- by kq4ym, Data Doctor
- 1/25/2016 4:17:25 PM
I'm sure in a court opposing attorneys could put a price on stolen data, but it would not be easy and you can be sure there's going to be experts on both sides who come up with vastly differing amounts. But, nonetheless, it should be a matter of fact that companies probably need to come up with some value because of the importance data can have to the bottom line and well as for gauging security needed to protect it.
- 1/19/2016 2:05:15 PM
@Broadway Your point about the playbook is strong - no argument there. I was not even aware of what the Patriots did, so as far as that is concerned I agree.
I was more focused on the stealing of signs. At least these can be changed relatively quickly once it is noticed that stealing is happening,
By contrast if someone hacks into your network and steals your data , you might not be aware of this for days, months or years.
The damage has been done. I guess my point is in the amount of containment that can be achieved when someone tries to steal data.
Stealing signs is easily noticed and can be adjusted for while the compromise of a network is much harder to determine and adjust to.
- 1/18/2016 11:32:46 PM
Louis, I don't think it's different, and I would be interested to hear why you think it is. Take what the Patriots did. They sent in employees in disguises into their competitors' locker rooms to steal playbooks! Heck, why not just have them crawl through the ceiling ductwork and pop out of the ceiling tiles?! The distinction between trespassing into physical spaces and trespassing in digital spaces eludes me.
- 1/15/2016 11:31:32 PM
The unsaid rule in sports is that there isn't any rules. Just like in war. Perhaps the only rule about cheating is: just don't get caught. That's the rule the Patriots violated, and that's the rule that the Cards broke. People act like they're surprised by these acts, but it's no different than stealing signals, stealing playbooks from other team's lockers, and anything else crazy pro teams do to win kids' games.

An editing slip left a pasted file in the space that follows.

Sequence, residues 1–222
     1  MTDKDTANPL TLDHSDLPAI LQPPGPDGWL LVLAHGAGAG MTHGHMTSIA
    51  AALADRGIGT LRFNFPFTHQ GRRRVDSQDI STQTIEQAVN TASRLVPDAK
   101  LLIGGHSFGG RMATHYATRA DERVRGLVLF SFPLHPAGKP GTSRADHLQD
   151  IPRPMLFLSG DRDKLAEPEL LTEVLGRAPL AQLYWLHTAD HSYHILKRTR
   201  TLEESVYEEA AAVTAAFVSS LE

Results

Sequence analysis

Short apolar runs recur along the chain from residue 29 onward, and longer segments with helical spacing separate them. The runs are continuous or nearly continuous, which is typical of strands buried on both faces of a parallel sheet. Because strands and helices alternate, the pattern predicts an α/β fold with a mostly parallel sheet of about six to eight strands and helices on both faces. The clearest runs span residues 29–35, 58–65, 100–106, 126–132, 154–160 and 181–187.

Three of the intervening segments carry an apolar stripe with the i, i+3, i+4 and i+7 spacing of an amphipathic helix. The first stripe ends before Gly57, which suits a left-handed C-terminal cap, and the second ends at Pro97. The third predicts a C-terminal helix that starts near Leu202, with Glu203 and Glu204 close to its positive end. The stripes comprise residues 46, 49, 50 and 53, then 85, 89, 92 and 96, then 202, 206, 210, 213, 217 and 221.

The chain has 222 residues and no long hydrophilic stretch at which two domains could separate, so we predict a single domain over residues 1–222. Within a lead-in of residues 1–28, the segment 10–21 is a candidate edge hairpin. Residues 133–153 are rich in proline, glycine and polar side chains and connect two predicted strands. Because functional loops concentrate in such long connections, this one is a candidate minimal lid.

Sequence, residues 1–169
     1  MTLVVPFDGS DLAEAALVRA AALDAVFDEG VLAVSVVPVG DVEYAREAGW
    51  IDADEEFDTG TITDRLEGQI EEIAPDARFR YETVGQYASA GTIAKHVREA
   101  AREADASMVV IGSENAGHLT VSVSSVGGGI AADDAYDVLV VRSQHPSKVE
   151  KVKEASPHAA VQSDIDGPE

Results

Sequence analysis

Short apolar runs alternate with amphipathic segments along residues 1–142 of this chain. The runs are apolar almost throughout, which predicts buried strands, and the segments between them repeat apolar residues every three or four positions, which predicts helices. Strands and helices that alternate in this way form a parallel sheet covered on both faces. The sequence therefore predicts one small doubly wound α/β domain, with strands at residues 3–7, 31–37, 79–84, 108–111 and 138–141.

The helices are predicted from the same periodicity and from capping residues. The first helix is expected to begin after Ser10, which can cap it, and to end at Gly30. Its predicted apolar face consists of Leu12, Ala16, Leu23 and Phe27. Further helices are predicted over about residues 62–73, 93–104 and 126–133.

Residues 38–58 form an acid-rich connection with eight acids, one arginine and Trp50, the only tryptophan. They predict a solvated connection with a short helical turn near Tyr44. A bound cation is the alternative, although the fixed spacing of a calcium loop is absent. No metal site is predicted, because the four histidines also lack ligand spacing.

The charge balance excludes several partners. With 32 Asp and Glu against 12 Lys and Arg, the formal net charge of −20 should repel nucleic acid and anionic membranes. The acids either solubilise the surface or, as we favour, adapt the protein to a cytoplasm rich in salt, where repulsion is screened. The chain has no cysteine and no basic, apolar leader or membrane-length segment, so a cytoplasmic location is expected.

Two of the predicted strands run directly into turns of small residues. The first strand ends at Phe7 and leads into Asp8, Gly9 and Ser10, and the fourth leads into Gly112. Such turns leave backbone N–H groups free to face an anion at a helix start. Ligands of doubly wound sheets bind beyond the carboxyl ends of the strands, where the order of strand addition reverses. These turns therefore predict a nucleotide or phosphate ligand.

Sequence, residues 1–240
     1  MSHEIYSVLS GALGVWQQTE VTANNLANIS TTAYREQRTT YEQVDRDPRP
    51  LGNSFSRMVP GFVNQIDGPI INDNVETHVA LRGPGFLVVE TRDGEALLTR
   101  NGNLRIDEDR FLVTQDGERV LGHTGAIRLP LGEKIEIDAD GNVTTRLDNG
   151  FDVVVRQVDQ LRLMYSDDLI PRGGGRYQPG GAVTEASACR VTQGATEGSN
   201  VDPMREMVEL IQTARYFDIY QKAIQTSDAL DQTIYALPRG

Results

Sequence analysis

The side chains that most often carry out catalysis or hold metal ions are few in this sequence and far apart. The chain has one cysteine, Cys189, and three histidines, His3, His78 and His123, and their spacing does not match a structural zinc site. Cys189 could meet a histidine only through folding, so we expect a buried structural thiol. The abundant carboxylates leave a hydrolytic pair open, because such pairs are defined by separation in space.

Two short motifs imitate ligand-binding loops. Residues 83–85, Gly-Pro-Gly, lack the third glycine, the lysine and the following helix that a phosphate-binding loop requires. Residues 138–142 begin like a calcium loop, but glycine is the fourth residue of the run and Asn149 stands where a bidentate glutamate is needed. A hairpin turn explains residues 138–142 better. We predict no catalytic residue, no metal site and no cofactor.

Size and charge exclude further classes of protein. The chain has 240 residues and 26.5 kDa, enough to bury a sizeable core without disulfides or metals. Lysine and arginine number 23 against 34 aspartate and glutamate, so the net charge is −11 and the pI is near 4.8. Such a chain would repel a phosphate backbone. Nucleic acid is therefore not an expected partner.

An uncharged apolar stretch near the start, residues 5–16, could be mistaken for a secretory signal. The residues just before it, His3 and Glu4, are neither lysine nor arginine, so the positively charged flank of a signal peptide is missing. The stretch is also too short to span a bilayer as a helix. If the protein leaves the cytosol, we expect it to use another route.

- 1/15/2016 11:11:38 PM
"..,It's sad to say that no data is safe and it's value isn't just what the owner uses it for but also whatever the hacker intends to use it for. "
@Seth Nice observation. I share your skepticism regarding the safeguards of our data. It has been proven over and over again that millions of records can be compromised in an instance.
I think I recently heard somewhere that Identity Insurance is now tax deductible - which if true, is purely an admission by the government and business sector that this battle has long since been lost.
Millions of identities are floating around in the black market. So one need not be surprised if their data is found in the wrong hands.
And I had not even considered the value the Hacker places in the data - Good point.
This question seems to be an organic one with no real conculsion.
- 1/15/2016 10:59:25 PM
@Seth I agree. This is a very complicated question and we are merely skimming the surface. I was think afterwards when did Sports become so complicated ?
Well, the game is as simple as it's always been - however what we are talking about is the business of sports - which of course is a world unto it's own.
So Yes, a team, a firm, a group, a panel ( whatever one wants to call it ) is necessary to do this question justice.
- by SethBreedlove, Data Doctor
- 1/15/2016 6:10:53 PM
I suppose we would need to hire a forensic economist firm to determine the true value of the data. It would go well beyond to simply winning or losing a game.
It's sad to say that no data is safe and it's value isn't just what the owner uses it for but also whatever the hacker intends to use it for.
ANALYTICS IN ACTION
INFOGRAPHICSVIEW ALL +
- by James M. Connolly